An appeal has been lodged with the charity tribunal against the Charity Commission’s refusal to register a masonic trust as a charity.
In July, the commission refused an application to register the Province of Cambridgeshire Masonic Buildings Trust as a charity.
A spokeswoman for the commission said: "This decision was based on well-established law that the purposes of freemasonry are not charitable purposes and that there was personal benefit to the masons who own and occupy the buildings by relieving them of the costs of maintaining the buildings."
It is understood that the trust owns property used by the Provincial Grand Lodge of Cambridgeshire, a regional branch of the freemasons.
Last month three people – named by the charity tribunal register of cases as Cohen, Dastur and Sherriff – appealed to the tribunal against the commission’s decision. The commission will submit its response shortly, its spokeswoman said.
One of the three, Bill Dastur, an accountant who is also a trustee of the Province of Cambridgeshire Charity for Care and Relief and the Province of Cambridgeshire Masonic Benevolent Association, both of which are registered as charities, was contacted by Third Sector but said that the trustees would not discuss the matter until after the tribunal process had been concluded.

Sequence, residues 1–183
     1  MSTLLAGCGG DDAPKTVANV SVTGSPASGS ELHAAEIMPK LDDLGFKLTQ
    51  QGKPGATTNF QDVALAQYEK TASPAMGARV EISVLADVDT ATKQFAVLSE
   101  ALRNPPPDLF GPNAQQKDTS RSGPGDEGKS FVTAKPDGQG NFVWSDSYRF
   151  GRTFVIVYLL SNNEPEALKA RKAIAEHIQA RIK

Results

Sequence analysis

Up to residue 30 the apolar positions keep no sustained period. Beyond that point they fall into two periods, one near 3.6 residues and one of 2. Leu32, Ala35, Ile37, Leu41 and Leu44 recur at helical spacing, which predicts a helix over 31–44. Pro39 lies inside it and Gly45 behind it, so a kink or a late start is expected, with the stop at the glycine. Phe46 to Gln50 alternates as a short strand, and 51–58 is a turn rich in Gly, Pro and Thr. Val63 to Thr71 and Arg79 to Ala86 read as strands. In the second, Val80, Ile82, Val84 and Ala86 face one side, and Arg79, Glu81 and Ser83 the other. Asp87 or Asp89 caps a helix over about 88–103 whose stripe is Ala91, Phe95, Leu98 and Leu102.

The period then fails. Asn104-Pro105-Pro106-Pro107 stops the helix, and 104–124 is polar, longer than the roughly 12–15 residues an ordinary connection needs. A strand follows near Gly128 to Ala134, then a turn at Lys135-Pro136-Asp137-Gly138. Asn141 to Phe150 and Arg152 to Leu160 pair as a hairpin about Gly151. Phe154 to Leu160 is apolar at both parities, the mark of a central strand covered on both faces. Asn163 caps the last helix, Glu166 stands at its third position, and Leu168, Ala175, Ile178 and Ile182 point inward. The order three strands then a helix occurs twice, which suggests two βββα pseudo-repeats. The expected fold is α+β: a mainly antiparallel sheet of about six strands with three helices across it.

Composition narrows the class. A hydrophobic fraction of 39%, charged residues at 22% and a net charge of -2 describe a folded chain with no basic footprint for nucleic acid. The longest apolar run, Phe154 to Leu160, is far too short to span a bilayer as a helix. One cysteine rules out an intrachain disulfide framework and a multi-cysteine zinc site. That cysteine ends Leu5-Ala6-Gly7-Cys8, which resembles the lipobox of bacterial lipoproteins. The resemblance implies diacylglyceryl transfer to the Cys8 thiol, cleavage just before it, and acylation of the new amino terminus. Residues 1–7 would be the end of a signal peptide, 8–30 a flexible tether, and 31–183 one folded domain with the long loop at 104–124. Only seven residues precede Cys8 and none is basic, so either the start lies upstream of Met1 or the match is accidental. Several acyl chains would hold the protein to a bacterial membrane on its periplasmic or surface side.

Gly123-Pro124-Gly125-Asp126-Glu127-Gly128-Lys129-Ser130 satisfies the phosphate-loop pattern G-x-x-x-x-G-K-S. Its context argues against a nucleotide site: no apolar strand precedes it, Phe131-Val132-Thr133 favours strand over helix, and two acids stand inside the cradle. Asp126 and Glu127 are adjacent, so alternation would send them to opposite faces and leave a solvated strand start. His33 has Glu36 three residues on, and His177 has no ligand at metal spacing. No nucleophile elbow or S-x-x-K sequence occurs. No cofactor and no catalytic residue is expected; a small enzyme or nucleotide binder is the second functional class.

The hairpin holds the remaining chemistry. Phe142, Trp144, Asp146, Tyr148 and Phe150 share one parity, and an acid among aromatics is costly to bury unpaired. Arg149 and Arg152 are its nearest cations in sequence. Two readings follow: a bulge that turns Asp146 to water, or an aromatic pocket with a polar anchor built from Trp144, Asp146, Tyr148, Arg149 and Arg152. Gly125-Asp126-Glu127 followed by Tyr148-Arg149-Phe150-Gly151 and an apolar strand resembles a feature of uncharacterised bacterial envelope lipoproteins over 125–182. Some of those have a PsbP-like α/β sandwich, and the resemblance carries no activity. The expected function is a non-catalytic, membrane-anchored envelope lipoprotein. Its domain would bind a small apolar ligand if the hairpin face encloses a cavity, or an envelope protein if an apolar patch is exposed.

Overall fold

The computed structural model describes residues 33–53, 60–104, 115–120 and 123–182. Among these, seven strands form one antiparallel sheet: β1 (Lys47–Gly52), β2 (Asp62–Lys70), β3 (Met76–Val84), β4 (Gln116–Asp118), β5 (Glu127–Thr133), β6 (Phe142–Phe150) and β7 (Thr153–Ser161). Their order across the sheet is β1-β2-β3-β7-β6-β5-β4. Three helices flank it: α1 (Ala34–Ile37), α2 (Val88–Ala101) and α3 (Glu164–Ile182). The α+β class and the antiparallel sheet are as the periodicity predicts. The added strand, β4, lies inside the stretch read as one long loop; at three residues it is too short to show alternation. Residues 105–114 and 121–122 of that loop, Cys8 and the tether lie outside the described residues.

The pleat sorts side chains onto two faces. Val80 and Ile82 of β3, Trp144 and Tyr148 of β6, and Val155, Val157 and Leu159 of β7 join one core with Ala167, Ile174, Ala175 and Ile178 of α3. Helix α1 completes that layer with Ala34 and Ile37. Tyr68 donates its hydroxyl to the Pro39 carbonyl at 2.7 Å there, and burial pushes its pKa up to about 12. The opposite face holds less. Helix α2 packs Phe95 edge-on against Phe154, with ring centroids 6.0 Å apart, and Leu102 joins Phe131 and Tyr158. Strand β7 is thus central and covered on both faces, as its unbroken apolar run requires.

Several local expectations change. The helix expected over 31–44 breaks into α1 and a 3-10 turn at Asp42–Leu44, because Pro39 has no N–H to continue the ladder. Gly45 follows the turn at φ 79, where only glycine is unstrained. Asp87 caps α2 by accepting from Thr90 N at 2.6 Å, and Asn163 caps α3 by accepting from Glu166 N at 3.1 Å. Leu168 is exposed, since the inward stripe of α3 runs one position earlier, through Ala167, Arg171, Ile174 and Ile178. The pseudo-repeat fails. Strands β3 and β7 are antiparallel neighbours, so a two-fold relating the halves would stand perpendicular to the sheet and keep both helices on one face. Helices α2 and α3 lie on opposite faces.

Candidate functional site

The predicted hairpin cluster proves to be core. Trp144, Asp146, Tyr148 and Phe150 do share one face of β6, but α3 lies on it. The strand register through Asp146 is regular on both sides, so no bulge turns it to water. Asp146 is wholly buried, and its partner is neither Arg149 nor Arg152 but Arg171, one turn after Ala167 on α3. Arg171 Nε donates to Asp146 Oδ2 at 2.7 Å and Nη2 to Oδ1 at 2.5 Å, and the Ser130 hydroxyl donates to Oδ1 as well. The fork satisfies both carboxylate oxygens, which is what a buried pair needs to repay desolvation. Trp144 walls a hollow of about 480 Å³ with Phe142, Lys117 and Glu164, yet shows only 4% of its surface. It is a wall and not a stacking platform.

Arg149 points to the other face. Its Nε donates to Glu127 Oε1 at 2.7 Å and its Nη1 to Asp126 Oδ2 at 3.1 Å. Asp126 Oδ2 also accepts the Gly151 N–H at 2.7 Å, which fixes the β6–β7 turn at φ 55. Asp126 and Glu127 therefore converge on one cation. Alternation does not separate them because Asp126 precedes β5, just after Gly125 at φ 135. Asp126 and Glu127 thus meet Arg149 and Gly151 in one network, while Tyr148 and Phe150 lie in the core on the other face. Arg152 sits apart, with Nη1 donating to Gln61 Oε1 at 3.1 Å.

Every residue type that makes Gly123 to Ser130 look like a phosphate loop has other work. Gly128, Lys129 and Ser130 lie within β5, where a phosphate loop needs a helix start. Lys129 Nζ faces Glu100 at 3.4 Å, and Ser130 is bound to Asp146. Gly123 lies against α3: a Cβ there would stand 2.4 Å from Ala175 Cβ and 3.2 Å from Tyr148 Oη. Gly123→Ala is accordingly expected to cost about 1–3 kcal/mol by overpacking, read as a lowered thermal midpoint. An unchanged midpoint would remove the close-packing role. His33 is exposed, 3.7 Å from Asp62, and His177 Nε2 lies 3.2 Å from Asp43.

The United Grand Lodge of England, which oversees freemasonry in England, Wales, the Channel Islands and a small number of overseas branches, says it has 8,000 affiliated lodges with a total of 250,000 members. There are a total of six million freemasons around the world, it says.
Earlier this year, the tax tribunal ruled that the grand lodge was not eligible for a VAT rebate on more than 20 years of membership subscriptions, with the judge deciding that the monies were not paid as "an act of philanthropy".
According to the UGLE website, freemasonry is "a society of men concerned with moral and spiritual values".